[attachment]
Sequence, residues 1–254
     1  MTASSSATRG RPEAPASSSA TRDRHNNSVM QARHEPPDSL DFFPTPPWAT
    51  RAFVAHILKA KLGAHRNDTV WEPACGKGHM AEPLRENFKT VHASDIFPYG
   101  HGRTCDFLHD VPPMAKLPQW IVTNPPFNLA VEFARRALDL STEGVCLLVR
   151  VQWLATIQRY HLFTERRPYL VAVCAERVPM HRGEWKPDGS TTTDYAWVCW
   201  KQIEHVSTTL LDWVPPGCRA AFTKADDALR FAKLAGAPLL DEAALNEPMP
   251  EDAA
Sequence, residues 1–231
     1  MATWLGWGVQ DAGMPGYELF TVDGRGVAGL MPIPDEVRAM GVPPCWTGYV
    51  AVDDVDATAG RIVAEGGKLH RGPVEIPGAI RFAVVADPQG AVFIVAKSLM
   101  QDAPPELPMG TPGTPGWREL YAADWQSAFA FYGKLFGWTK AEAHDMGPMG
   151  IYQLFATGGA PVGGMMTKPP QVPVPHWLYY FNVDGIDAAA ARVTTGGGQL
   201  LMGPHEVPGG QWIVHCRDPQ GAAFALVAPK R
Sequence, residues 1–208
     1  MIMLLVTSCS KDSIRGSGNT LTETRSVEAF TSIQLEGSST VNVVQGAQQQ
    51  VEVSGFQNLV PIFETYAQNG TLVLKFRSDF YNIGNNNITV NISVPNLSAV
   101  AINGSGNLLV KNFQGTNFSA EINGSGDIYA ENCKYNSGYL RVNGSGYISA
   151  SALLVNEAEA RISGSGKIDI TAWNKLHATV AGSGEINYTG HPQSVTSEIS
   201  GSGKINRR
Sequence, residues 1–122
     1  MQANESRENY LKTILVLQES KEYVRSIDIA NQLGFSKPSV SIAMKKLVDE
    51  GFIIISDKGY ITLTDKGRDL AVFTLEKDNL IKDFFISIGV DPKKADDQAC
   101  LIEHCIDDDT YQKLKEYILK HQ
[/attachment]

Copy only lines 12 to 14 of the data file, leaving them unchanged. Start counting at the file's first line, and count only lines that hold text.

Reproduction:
   151  IYQLFATGGA PVGGMMTKPP QVPVPHWLYY FNVDGIDAAA ARVTTGGGQL
   201  LMGPHEVPGG QWIVHCRDPQ GAAFALVAPK R
Sequence, residues 1–208